Myth – Jeremy Corbyn is a terrorist sympathizer and backed the IRA
This is one of the most prevalent accusations going around about both Corbyn and McDonnell and on the face of it, has some credence, which is what the whole accusation is based upon and why so many people have taken it at face value, looking at their past actions and quotes. By necessity, this is a long article, but the background of the situation is as essential as the actual explanation of why the myth is wrong and we would ask readers to bear with it. We will also deal with the accusations regarding other terrorist groups in another post, although the basic premise is the same.
If you need a short and quick answer, the article is summed up in the final two paragraphs.
Before we can debunk and explain this myth, we have to ensure people have a real understanding of what it takes to bring violent enemies to the negotiating table to ensure future peace. If you bring it down to everyday terms, if you have a personal enemy that you are trying to stop attacking you and your family, then the worst way to go about it is to shout in public how awful they are, to refuse to speak to them and to answer their violence with further violence – it will only make things a whole lot worse.
Terrorist negotiations are also very different to ordinary crimes. A criminal knows that they are doing something wrong and against the law and is expecting harsh treatment and imprisonment when they are caught.
A terrorist, however, is fighting for a cause that they themselves believes to be just. They believe that they are the ones being treated unfairly and that they are justified and entitled to be taking the action that they are taking. Therefore, the actions that are taken to stop their violent activities MUST be entirely different and take into account that they will continue to believe that their cause is just, and that laying down their arms must be done by them voluntarily and not by force. Remember, to a great number of people in other nations, WE are seen as terrorists too.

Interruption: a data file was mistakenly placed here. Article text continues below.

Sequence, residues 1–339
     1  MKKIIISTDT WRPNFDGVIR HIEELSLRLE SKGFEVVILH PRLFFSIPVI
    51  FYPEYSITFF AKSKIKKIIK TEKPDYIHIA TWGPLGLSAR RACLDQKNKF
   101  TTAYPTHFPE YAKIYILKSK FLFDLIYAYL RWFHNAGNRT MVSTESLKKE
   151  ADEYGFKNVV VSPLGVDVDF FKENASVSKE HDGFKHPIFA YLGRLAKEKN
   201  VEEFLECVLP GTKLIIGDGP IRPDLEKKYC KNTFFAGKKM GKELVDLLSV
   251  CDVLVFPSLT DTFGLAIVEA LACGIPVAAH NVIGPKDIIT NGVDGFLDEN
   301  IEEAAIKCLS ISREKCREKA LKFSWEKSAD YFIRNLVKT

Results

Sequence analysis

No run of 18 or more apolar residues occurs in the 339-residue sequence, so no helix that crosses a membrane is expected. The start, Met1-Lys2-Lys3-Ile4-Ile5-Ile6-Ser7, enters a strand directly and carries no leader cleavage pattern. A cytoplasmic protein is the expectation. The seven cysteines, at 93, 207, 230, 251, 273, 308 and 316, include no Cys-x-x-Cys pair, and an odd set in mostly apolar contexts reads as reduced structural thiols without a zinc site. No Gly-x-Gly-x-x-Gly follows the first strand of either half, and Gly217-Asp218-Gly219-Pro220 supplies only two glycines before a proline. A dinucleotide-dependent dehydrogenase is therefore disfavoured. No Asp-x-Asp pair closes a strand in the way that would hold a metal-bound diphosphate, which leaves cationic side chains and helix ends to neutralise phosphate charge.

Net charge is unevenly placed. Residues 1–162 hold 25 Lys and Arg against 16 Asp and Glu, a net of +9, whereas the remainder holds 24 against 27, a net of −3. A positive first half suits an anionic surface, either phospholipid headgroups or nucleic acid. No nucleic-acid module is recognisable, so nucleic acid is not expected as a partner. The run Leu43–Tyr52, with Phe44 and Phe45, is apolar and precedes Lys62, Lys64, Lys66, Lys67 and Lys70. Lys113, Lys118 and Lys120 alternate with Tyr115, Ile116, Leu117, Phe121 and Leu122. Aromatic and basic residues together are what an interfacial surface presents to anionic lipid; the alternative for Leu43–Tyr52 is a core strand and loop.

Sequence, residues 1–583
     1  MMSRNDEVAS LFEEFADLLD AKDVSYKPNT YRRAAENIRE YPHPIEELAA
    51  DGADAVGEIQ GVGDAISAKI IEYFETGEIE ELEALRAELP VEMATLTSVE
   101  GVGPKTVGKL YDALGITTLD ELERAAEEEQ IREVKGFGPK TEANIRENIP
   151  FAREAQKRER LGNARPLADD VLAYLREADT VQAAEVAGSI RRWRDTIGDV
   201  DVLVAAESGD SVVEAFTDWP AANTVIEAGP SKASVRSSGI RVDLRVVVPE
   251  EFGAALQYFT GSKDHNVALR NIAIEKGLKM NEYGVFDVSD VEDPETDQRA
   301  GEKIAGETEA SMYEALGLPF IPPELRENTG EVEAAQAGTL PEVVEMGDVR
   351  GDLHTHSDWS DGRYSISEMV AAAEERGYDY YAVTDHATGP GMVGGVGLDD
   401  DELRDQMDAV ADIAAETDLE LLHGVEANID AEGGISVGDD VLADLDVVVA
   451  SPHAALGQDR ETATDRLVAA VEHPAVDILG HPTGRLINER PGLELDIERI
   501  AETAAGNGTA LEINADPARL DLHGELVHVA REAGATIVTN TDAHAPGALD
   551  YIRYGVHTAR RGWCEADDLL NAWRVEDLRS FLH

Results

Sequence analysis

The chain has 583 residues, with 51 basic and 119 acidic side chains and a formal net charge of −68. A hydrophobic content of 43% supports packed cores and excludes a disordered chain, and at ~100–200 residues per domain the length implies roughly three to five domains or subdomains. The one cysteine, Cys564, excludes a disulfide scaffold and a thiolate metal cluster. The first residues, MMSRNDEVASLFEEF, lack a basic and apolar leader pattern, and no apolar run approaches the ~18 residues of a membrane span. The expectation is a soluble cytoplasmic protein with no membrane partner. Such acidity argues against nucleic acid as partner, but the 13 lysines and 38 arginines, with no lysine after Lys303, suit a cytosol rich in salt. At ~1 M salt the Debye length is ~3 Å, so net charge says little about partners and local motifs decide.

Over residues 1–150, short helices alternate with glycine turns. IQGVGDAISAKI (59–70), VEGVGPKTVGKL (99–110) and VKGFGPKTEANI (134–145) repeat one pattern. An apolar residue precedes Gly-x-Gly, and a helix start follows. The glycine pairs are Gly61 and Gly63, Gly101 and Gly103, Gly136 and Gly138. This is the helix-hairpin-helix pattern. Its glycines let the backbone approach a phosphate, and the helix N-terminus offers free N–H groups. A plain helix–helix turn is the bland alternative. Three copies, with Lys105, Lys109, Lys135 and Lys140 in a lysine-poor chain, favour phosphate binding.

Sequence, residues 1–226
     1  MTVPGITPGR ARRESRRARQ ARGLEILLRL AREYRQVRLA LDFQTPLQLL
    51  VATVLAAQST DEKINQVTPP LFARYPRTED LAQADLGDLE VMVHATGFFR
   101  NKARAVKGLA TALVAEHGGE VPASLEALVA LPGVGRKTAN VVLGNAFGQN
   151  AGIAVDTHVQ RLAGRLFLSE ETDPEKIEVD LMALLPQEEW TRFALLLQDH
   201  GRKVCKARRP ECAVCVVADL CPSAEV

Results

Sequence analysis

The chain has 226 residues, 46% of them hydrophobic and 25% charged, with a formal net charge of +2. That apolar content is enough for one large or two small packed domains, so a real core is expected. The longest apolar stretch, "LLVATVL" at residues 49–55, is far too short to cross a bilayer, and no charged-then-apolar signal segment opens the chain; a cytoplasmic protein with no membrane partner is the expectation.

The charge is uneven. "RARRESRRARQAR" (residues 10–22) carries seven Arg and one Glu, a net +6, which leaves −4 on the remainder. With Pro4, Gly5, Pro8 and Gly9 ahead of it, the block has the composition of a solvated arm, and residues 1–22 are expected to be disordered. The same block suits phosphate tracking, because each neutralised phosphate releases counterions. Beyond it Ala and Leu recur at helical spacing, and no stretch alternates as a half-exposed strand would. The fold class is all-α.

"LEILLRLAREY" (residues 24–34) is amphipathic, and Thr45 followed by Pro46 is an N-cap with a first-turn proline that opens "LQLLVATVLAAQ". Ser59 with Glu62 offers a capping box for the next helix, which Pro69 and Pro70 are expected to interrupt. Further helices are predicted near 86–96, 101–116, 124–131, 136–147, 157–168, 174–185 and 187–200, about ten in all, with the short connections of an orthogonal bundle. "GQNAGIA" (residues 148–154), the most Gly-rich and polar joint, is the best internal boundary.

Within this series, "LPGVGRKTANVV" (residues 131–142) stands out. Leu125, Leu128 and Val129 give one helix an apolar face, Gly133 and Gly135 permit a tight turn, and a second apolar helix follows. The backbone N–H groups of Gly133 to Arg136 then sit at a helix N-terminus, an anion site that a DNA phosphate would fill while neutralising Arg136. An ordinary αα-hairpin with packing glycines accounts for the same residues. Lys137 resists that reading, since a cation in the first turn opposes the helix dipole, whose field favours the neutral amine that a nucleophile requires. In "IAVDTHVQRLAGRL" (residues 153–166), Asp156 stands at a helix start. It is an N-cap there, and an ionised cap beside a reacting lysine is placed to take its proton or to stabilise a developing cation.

The history of the IRA and the British Forces is a long and bloody one, with both sides entirely convinced that they are in the right. This article is not designed to look into this or make judgement on the struggles. However, it is true to say that, as the IRA killed many innocent people, so did the British Forces and other organisations fighting for both Republican and British interests. This is the reason that Corbyn ‘refused to condemn the Provisional IRA’ – he refused to condemn ONLY the IRA unless he was condemning ALL the violence committed in Northern Ireland, by ALL sides.
“Asked if he was less critical of IRA violence than British military action, Mr Corbyn said: “The violence was wrong on all sides and I have said so all along. My whole point was if we are to bring about a peace process, you weren’t going to achieve it by military means.”
The Labour leader acknowledged his long-running statement for a united Ireland, but added: “Quite honestly, the peace process has brought about a huge step forward.” [Belfast Telegraph]
The subject of Northern Ireland in the 1980s was a hugely contentious one – throughout the 70s and 80s, there were many attacks and bombings – so much so that every British MP and their staff were issued with telescopic mirrors to check under their vehicles for bombs (the writer of this piece was one such member of staff and still has their mirror to prove this). The argument was very black and white – either you were for a united Ireland or you backed the maintenance of a British union with Ireland – and on the mainland, the argument wasn’t dependent on your religion. Labour’s official standpoint at the time was one of “unity by consent” – easy to say but very difficult to bring about, although many on the Left supported a unilateral withdrawal of Britain from Northern Ireland, supporting the cause but importantly, seeking a peaceful, political solution and NOT supporting violence.
When the IRA were only conducting violence, then there was no alternative but to treat them as criminals under British law. However, when Bobby Sands became an MP whilst in prison and was one of 10 Republicans to die whilst on hunger strike protesting that they were political prisoners and not common criminals, then the IRA realised that they could bring their argument into the political arena legitimately rather than simply through violent attacks.